Planned deployment information, including expected timescales, for the digital Scotland superfast broadband programme is available on the digital Scotland postcode checker. The DSSB programme will extend fibre broadband access to at least 95 per cent of premises by the end of 2017 and we are committed to extending superfast coverage to 100 per cent of premises across Scotland by 2021. The timetable for delivery will depend on the outcome of new procurements, which will begin next year.
As much information as possible—and as soon as possible—is the best option for communities and families so that they can get best value for money with the data services that they plan to buy. In the broadband contracts that the Scottish Government is delivering with BT, how is it ensuring that it is also getting value for money?
The member makes a valid point. Communities throughout Scotland are keen to know when they will get access to superfast broadband—that is absolutely understandable and we are not complacent about that. There are five stages to upgrading a green roadside cabinet: design, survey, build, connection and activation. All members will understand that issues can be identified at any one of those stages that can change the expected delivery date, and that should be borne in mind in relation to timescales.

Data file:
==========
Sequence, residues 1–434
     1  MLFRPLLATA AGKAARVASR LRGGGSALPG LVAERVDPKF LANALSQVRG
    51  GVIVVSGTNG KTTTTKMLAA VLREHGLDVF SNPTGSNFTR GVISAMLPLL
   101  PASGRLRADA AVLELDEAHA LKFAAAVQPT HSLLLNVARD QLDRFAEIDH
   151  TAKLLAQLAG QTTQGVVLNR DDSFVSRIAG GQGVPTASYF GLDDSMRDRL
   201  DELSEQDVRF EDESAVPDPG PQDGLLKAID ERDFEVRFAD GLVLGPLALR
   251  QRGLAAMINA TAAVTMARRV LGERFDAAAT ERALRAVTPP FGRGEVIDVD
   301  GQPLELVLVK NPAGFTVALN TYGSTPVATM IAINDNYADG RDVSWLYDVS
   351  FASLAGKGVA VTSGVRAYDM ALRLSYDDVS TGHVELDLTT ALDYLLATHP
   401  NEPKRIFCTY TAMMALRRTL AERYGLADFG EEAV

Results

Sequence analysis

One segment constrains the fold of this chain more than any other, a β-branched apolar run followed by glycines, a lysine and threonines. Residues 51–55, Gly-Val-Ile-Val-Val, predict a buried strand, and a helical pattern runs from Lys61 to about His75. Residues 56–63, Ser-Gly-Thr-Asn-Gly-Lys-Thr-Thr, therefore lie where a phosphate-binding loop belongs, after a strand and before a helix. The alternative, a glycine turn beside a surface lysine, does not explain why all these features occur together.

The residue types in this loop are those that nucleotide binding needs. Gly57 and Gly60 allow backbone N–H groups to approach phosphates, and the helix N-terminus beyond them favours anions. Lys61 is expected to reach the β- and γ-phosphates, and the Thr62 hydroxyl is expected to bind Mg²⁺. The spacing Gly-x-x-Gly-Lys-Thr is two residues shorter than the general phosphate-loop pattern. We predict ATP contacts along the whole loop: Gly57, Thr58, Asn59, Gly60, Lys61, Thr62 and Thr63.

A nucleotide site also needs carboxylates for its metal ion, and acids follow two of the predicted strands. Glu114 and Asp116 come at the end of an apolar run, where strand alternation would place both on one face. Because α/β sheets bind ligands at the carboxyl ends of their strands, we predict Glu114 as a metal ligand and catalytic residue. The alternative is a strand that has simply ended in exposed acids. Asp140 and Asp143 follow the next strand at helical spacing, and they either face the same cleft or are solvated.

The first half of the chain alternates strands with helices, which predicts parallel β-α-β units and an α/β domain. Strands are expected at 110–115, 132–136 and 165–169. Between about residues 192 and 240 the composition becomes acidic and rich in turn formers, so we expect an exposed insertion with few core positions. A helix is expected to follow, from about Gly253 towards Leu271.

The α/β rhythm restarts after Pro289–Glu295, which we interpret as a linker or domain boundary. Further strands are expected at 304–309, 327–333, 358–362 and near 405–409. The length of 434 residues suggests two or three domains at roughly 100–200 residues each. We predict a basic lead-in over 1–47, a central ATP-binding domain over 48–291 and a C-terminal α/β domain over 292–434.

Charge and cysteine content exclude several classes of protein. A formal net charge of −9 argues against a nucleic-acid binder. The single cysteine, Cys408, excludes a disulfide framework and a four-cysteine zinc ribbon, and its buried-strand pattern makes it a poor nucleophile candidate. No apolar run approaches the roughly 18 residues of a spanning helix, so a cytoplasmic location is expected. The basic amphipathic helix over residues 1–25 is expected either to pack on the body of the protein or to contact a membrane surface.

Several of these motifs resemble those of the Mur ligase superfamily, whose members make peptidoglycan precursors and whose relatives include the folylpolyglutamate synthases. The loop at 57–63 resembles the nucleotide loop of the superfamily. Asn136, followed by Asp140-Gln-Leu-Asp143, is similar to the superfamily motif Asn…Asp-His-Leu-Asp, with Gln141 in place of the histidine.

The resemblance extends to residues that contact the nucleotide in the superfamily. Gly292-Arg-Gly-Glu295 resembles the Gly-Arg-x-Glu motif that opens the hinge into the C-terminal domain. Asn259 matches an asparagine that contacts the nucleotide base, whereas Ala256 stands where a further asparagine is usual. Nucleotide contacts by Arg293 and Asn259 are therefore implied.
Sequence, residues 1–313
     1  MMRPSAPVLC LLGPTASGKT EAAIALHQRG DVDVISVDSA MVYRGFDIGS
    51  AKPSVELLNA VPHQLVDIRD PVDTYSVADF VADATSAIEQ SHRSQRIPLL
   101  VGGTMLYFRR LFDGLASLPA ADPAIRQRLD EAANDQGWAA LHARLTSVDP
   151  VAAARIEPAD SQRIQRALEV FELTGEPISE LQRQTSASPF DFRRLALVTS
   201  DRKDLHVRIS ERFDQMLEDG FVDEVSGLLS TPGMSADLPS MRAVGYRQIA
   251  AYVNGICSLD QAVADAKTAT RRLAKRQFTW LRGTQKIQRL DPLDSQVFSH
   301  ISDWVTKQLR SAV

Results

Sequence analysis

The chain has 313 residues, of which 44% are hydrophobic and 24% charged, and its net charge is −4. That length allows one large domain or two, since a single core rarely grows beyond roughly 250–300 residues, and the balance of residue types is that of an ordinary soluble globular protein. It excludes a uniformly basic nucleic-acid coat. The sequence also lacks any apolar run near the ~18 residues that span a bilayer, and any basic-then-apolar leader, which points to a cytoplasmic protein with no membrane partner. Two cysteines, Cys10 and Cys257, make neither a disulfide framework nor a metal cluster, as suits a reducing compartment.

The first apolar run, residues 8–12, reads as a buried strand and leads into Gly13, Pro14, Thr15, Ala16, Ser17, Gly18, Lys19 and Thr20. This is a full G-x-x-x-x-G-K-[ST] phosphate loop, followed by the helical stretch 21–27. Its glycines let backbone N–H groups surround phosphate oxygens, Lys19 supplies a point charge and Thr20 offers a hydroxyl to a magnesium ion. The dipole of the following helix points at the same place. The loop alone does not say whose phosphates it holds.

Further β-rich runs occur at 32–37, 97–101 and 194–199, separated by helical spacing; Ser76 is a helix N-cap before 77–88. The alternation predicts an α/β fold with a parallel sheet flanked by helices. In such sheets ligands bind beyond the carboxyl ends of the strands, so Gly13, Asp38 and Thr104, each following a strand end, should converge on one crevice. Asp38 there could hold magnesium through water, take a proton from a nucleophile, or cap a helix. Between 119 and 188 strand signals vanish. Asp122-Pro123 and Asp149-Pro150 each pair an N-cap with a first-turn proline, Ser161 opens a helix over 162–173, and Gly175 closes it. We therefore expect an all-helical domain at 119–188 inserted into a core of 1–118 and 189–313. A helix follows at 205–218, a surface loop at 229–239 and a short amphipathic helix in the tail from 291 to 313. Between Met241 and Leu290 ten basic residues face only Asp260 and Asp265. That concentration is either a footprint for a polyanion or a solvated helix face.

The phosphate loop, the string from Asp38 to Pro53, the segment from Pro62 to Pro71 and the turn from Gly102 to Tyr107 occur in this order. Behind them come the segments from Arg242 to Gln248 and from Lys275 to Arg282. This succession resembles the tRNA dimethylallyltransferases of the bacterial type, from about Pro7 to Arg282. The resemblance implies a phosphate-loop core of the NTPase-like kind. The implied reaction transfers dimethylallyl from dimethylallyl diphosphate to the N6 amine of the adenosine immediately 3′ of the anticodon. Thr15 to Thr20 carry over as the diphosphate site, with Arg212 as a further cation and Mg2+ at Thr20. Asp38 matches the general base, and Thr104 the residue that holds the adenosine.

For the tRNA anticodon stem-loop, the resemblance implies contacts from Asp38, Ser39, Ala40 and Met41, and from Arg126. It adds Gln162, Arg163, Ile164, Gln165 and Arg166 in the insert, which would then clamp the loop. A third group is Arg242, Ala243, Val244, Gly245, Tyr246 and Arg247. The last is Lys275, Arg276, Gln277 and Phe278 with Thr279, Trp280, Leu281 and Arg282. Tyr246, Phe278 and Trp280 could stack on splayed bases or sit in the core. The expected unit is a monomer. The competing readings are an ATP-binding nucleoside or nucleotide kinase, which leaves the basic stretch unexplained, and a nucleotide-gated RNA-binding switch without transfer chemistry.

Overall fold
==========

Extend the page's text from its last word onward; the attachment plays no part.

The member asked about value for money, which I assure him is a key consideration. Each quarter, the digital superfast broadband programme assures milestones that are delivered by BT against contractual targets. That assurance feeds into the level of payment that BT receives quarterly so, if it does not deliver, it does not get paid.
I appreciate that there is a difference between making the service available in each area and connecting every household in an area, as the Government has committed to do. Does the minister understand the frustration that is felt by many people who have no idea when they might get connected to superfast broadband, despite announcements having been made perhaps 18 months or two years ago that superfast broadband is now in their area and despite having superfast broadband lines going past their homes?
If Mr Rumbles had listened to my first answer, in which I indicated that information is available on the digital Scotland postcode checker—[Interruption.] Mr Rumbles is interrupting from a sedentary position.
I absolutely agree and, as I said, I am not complacent about the situation. I understand those perfectly legitimate concerns, which are expressed by a great many people.
However, I am pleased that bodies such as Ofcom have recognised and praised the progress that we are making in Scotland. Ofcom, which is the regulator, has said that our progress on broadband is better than that south of the border. I appreciate that recognition from the regulator, but we are not complacent and we are aware of the concerns.
What is being done to encourage greater take-up of superfast broadband in areas where it has been delivered, in order to allow more resources to be channelled into communities that currently cannot access superfast broadband?
A great many people are pretty keen to access broadband where they can. The member makes a reasonable point, which I will reflect on to see whether we can do more. I am pleased that he shares our concern and our commitment to ensuring that there is universal coverage by 2021. I will write to him about whether there are any ways in which we can encourage take-up. It is primarily a matter for each person to decide whether to take up services if they so wish.
High-speed Fibre Broadband (Access)
To ask the Scottish Government what action it is taking to extend access to high-speed fibre broadband across the country. (S5O-00305)